Art in a Time of Covid

Digital Revues in Review

Going beyond the building blocks of VOD, content libraries, and streaming to explore the acceleration of accessibility and digital habits.

March 12, 2021

The struggles of pivoting from in-person to digital content have been well documented by journalists, bloggers, and even lowly digital producers such as yours truly.

Long distance participation in cultural events isn’t new - I have fond memories of listening to classical concerts or operas as a kid on Sunday afternoons. We can’t honestly say that the call for digital content and accessibility is novel, but the pandemic has forced it to become a mainstay of the arts and culture sector. “On demand content.” “Digital libraries.” “Streaming.” Thanks to the events of 2020, these are the buzzwords of our day. So it stands to reason that the theme of 2021 will be how to construct comprehensive, accessible, and complementary digital programs, while also finding the right balance between direct income and an investment in relationship building.

The Building Blocks

In the fledgling days of the pandemic, many organizations had to survey the tools readily available to them to find the fastest way to maintain patron interaction. Most organizations record productions for internal archive purposes, but this footage is rarely created with public consumption in mind. Orchestras have known for a while that their content often suits a fixed camera filming approach, and many already had existing digital libraries for patrons to access. Dance and theater on the other hand found themselves with piles of unreleasable footage. It’s understandable that most people would flock to creating a content library. In a normal season, digital libraries have the lowest barrier of entry for production: ensure that the recordings already being created are high enough quality for public consumption.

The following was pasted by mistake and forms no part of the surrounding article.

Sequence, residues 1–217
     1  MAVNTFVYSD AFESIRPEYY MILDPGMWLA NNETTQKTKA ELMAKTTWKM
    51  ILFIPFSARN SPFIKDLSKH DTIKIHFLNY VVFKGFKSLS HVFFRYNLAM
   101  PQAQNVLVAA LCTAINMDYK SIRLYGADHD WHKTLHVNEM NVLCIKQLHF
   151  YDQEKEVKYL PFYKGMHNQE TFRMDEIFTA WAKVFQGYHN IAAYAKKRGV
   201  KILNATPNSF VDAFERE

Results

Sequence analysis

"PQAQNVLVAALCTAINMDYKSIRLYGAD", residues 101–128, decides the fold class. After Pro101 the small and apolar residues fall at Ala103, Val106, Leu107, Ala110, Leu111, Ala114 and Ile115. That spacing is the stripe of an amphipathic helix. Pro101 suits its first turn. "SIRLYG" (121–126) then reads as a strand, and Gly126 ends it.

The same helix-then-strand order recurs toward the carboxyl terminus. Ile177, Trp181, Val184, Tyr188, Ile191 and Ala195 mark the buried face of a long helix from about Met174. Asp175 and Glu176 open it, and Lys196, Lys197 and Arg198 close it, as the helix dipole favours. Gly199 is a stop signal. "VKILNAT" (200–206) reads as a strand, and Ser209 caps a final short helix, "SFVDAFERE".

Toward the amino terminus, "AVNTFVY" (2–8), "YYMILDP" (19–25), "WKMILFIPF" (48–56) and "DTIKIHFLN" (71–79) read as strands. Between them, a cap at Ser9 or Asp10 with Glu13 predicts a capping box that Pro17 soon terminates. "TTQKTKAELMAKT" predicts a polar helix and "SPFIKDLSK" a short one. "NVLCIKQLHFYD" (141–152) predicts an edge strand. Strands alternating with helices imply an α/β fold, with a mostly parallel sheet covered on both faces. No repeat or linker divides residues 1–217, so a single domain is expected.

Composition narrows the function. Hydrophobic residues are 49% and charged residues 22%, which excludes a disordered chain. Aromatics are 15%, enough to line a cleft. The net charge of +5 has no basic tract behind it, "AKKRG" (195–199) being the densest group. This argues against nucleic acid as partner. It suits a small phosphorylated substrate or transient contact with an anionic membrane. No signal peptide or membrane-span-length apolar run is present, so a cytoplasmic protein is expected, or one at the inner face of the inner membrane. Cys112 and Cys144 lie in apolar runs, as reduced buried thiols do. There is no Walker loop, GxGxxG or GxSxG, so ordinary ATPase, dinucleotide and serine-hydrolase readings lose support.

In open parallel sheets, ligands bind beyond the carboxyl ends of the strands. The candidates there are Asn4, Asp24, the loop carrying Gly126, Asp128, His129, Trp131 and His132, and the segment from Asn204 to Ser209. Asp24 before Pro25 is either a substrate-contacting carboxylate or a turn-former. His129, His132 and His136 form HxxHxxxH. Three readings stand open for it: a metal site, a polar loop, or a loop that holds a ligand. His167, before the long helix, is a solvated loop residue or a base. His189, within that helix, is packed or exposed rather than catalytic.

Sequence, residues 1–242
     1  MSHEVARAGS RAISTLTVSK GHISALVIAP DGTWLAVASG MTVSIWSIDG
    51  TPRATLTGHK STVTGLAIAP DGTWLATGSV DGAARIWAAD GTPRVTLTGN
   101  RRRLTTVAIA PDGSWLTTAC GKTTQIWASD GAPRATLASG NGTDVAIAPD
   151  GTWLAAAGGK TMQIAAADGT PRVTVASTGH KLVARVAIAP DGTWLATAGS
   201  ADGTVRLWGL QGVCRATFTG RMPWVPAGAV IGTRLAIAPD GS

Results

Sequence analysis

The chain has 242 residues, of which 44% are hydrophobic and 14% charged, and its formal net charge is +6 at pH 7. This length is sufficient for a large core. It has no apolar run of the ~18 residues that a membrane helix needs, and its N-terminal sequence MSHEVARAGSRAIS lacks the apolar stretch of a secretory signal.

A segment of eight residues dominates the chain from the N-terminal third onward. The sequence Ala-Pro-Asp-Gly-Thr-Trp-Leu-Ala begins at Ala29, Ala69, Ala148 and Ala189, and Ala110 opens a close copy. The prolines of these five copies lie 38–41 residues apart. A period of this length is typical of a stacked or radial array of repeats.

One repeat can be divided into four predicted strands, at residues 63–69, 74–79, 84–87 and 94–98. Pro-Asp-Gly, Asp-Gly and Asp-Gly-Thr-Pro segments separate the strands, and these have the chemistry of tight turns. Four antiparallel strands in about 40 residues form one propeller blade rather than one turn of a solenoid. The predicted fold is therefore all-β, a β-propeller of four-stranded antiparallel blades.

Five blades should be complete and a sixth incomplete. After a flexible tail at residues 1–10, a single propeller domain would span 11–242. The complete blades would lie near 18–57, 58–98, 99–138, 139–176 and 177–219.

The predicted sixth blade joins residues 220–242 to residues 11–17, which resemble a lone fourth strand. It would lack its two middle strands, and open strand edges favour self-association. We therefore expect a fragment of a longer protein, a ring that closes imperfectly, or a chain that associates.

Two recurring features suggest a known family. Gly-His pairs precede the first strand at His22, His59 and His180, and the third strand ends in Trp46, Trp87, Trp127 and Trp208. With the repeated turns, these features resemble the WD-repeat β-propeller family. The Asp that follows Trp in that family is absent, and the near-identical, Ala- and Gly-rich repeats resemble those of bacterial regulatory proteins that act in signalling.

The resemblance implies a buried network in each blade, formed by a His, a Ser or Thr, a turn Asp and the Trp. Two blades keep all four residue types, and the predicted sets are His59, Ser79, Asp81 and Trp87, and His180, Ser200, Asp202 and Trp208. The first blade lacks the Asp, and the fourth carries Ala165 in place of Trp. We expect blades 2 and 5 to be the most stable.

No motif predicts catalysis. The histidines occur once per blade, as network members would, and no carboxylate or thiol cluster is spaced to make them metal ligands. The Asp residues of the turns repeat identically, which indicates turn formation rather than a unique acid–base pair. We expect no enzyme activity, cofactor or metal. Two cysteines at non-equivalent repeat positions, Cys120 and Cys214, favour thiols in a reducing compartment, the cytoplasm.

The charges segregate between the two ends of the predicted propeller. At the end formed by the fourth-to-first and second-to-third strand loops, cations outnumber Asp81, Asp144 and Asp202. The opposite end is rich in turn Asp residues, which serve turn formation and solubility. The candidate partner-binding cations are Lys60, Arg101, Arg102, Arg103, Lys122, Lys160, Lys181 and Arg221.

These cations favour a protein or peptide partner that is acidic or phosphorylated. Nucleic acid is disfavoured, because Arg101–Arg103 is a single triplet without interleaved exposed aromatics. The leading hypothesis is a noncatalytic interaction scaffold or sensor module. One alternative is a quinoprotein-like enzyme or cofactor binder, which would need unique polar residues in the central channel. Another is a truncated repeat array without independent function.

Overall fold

However, some of our core associations with live performance have nothing to do with the content. I have vivid memories of planning travel to venues, waiting in anticipation for the curtain to rise at the allotted time (even knowing that it wouldn’t), laughter, murmurs, and the obligatory cough from the balcony at the quietest moment in the show. The event is not an insignificant contributor to our experience. To recreate some of this, organizations have turned to streaming live or prerecorded content. Livestream events happen at a set time, and many extend the feeling of community by providing a chatroom for viewers during the performance. 

While each of these tools is powerful using them without skillful application and considered intent is the equivalent of using a chainsaw to fillet a fish - they technically meet the requirements, but mangle the actual goal. On demand libraries can become an unexciting dumping ground. Livestream technical difficulties can be too stressful for patrons to wrestle with, given that the savviest user can do everything right and still miss something due to internet issues. You wouldn’t produce a season based on the first 5-10 plays you read in 2021 — you would curate it, carefully selecting programming, timing, and marketing so that it can be engaging to your patrons and presented in the best light. The same should be true for how you structure your digital content: “good enough” isn’t the same as “good.”  

Violinist playing in an empty auditorium.


The subscription model is very familiar to arts and cultural institutions as a way to build relationships, and bankable income, and — due to the timing of the pandemic — was one of the first aspects of the business which needed to pivot. So it makes sense that many organizations would look to apply this model to their digital content. However subscriptions don’t just represent a higher initial cost for patrons, they also require a commitment from organizations to deliver on the program they market. Traditionally, organizations had an entire season to deliver on their promises. However, in today’s binging market, releasing a season of content at once means having to go through the cost and process of producing an entire season in a truncated amount of time.  This can be very unappealing to organizations, especially when they are turning to digital content as a supplement to other methods of income that are currently greatly reduced or eliminated entirely.